BioResource Newsletter BioResource Now!
  July 2011
Vol.7 No.7
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 Introduction to Resource Center < No.37> 
Yeast Genetic Resource Center (YGRC) Supports Research in Yeast: The Ultimate Model Organism
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 Ongoing Column < No.59>
Google's Image Searching Service

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 Introduction to Resource Center < No.37>

Yeast Genetic Resource Center (YGRC) Supports Research in Yeast: The Ultimate Model Organism

Taro Nakamura (Professor, Graduate School of Science, Osaka City University)
Yoshinobu Kaneko (Assorciate Professor, Graduate School of Engineering, Osaka University)
 1. Yeast : The ultimate model organism

Yeast has a long relationship with humans as one of the most practical microorganisms and an extremely useful model organism for research. Among the more than 1000 yeast species existing in nature, fission yeast (Schizosaccharomyces pombe) and budding yeast (Saccharomyces cerevisiae) (Fig. 1) are frequently used in life science research. A variety of convenient experimental methods, including recombinant DNA technology, has been developed for use of these yeasts in research. Many biological mechanisms, such as the cell cycle, intracellular protein transport, and autophagy, have been elucidated through research in yeast. Yeast was also among the earliest eukaryotes to have its genome completely sequenced. Full-fledged databases based on genome information are available, and various post-genome studies are being actively conducted on yeast. There are a large number of researchers studying yeasts, and many academic societies and study groups have been organized primarily by yeast researchers. In this respect, yeast can be considered the ultimate model organism in life sciences research.

Fig. 1: Differential interference images of fission yeast (left) and budding yeast (right)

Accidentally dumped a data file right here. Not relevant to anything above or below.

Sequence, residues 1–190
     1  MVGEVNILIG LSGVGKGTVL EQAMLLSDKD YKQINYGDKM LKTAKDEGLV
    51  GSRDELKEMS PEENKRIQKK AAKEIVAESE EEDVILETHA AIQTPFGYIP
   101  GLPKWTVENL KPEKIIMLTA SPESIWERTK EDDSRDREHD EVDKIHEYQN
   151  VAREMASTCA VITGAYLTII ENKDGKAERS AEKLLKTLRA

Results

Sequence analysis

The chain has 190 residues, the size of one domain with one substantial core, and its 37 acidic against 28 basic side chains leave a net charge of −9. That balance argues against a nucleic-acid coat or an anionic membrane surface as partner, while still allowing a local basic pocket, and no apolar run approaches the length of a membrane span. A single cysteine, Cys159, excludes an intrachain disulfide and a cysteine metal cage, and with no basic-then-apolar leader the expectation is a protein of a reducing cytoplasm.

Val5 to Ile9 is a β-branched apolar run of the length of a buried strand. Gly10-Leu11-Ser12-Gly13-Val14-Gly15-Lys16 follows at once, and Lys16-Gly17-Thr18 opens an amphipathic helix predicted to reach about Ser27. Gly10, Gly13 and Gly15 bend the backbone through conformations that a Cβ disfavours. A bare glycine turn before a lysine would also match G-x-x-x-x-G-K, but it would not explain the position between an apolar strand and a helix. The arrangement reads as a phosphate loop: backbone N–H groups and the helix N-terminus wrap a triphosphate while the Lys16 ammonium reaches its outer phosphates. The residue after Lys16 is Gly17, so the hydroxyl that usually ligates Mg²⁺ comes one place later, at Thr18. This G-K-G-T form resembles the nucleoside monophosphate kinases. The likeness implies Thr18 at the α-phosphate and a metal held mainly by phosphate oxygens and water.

2 . Yeast Genetic Resource Center is acknowledged as a world-leading yeast resource center

Despite the usefulness of yeast in research, institutions that provide yeast resources have not been fully developed. Along with the initiation of the National BioResource Project (NBRP), the Yeast Genetic Resource Center (YGRC) launched operations in 2002 with high expectations of the yeast research communities. Division of labor was achievedsuch that S. pombe and S. cerevisiae are maintained by Osaka City University and Osaka University, respectively. The scale of operations has been expanding year by year, and in the past few years, resources have been distributed in approximately 2000 cases per year. In 2010, approximately 60% of these resources were distributed overseas, to a total of 24 countries (Fig. 2). Fission yeast resources from YGRC are acknowledged as the best in the world, both in term of quality and quantity. YGRC's resources of budding yeast are also considered to be world class, and include many highly original resources developed by Japanese researchers. YGRC is thus globally recognized as a top yeast resource center. Here, we describe the recently acquired remarkable yeast resources.

Fig. 2: Destinations of yeast resources distributed from YGRC in the fiscal year 2010
 3. YGRC maintains the source strain of S. pombe.

Almost all the S. pombe laboratory strains used worldwide have been derived from a single strain, the Leupold strain, which was isolated by Dr. Urs Leupold, a geneticist at the University of Bern in Switzerland. The Leupold strain and other strains developed by Leupold that had been preserved at the University of Bern were deposited at YGRC in the fiscal year 2010. Possession of the source strain of S. pombe strains used worldwide signifies the status of YGRC as a world-class yeast resource center. We also preserve the source strains of other popular yeast strains and the strain S288C, which was used for the first genome-sequencing project.

 4. Genome-wide resources of fission yeasts

YGRC maintains a wide range of fission yeast resources but here we introduce genome-wide resources. The green fluorescent protein (GFP)-fusion protein library was deposited by the Hiraoka Laboratory at Osaka University. In this library, the GFP gene was fused with 1,000 out of approximately 5,000 open reading frames (ORFs) in the fission yeast genome to localize each protein (1). This collection can be used not only to localize proteins but also to screen proteins located in specific intracellular structures. This series of strains is one of the most popular fission yeast resources. In addition, insert fragments from approximately 60,000 clones in the fission yeast genome library (2) and those of about 22,000 clones in the full-length cDNA library were sequenced under the genome information consolidation program in fiscal years 2005 and 2006 in cooperation with the Kohara Laboratory at the National Institute of Genetics. Insert fragments from the genome library cover more than 95% of the whole genome of fission yeast. These draft sequences were registered in international databases. In addition, these clones were also registered in Genome Viewer (the genome database of NBRP Yeast) described later.

 5. Popular or recommended resources for budding yeast